Devotional Thought for Today – 11/05/2020

One Thing (Psalm 27:4-6) - YouTube

PSALM 27

I do not thing God wants us to settle for “one thing” in our lives spiritually. I believe He expects us to reach a goal and then set a new one continually maturing and growing.  Yet the point of David’s prayer here in these verses is that his undivided focus will be on achieving the goal of, dwell[ing] in the house of the Lord [in His presence] all the days of my life, for it is  the very foundation of his faith.  David is not and neither should we be settling for one thing but focusing on on the one thing that matters most, God.

The Psalm as a whole can be broken down into 4 parts;

The poet first sounds forth his sure confidence in his God, Ps 27:1-3, and his love of communion with him, Ps 27:4-6. He then betakes himself to prayer, Ps 27:7-12, and concludes with an acknowledgment of the sustaining power of faith in his own case, and an exhortation to others to follow his example. Charles H. Spurgeon’s Treasury of David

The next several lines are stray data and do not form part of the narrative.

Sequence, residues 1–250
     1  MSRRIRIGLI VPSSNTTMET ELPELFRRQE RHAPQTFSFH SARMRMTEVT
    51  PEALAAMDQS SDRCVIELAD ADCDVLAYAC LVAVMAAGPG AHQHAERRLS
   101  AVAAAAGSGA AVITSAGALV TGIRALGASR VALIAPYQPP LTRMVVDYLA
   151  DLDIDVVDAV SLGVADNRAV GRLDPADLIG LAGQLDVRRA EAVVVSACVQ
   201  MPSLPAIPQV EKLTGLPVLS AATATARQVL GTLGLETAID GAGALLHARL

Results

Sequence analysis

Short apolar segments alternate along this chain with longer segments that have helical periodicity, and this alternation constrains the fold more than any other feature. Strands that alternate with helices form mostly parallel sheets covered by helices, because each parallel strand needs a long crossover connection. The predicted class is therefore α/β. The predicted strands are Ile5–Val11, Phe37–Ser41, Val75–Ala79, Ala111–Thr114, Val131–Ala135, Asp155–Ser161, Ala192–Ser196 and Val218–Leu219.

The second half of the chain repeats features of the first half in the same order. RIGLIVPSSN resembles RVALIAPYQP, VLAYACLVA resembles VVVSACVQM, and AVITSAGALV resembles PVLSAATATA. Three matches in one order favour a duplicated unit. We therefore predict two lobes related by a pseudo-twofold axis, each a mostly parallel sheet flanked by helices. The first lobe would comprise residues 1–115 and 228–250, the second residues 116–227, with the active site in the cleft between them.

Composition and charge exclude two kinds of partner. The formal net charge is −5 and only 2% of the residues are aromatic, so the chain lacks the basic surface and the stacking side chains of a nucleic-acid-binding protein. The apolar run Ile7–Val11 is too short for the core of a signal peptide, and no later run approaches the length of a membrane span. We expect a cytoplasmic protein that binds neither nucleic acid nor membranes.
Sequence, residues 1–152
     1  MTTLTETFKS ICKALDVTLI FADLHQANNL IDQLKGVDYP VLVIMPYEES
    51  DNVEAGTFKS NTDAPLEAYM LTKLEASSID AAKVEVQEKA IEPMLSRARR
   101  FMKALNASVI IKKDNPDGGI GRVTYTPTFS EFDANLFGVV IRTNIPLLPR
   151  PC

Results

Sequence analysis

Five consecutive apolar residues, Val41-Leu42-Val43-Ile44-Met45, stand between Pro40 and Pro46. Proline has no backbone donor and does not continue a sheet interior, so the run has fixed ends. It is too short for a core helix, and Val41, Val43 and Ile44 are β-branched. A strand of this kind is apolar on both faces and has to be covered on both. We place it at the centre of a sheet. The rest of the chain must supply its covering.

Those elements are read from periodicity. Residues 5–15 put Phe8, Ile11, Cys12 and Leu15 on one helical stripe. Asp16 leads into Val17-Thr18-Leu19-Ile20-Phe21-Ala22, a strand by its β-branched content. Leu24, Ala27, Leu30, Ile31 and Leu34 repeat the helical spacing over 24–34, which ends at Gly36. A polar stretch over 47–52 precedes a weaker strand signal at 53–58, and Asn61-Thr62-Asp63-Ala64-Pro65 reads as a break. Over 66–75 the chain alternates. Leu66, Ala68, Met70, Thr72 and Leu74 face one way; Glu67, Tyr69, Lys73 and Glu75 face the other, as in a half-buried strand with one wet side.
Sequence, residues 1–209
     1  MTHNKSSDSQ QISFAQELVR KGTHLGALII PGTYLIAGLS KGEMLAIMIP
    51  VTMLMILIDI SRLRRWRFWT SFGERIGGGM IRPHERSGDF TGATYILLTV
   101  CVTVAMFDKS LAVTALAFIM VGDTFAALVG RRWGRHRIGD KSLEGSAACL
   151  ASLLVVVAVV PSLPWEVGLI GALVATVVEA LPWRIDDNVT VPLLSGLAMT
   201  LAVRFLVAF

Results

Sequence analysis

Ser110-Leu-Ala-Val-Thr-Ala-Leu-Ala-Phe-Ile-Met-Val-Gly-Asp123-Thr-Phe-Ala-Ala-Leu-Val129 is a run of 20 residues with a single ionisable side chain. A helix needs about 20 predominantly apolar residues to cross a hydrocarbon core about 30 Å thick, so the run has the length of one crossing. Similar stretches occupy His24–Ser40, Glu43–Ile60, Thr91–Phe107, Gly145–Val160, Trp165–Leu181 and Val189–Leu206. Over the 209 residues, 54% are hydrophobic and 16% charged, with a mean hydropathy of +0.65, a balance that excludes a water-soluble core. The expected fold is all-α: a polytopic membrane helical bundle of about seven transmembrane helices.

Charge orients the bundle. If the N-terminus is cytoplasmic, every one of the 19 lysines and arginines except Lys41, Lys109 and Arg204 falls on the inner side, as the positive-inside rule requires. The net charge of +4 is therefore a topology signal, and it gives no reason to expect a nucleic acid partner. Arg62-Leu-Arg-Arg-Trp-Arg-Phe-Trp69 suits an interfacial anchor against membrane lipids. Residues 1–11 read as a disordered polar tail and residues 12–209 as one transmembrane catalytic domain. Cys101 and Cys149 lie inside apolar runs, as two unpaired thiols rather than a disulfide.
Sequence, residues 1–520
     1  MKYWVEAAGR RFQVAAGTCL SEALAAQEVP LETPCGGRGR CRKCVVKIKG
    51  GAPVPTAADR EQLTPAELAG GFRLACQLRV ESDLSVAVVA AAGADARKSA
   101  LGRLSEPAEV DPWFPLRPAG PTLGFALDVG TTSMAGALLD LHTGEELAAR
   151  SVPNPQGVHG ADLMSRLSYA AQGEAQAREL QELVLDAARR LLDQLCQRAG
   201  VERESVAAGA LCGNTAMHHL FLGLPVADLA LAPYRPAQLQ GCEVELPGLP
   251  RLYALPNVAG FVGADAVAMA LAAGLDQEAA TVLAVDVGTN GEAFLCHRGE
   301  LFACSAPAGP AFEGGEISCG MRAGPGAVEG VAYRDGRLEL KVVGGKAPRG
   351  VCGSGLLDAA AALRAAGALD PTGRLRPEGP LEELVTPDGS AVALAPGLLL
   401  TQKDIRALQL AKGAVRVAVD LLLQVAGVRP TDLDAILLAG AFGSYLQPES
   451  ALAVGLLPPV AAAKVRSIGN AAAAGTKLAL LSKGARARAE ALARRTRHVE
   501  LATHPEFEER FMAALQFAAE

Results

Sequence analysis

I offer a few of the comments from Spurgeon’s Commentary for your edification: 

v.1 The Lord is my light and my salvation; whom shall I fear? Alice Driver, martyr, at her examination, put all the doctors to silence, so that they had not a word to say, but one looked upon another; then she said, “Have you no more to say? God be honoured, you be not able to resist the Spirit of God, in me, a poor woman. I was an honest poor man’s daughter, never brought up at the University as you have seen; but I have driven the plough many a time before my father, I thank God; yet, notwithstanding, in the defence of God’s truth, and in the cause of my Master, Christ, by his grace I will set my foot against the foot of any of you all, in the maintenance and defence of the same; and if I had a thousand lives they should go for the payment thereof.” So the Chancellor condemned her, and she returned to the prison joyful. Charles Bradbury.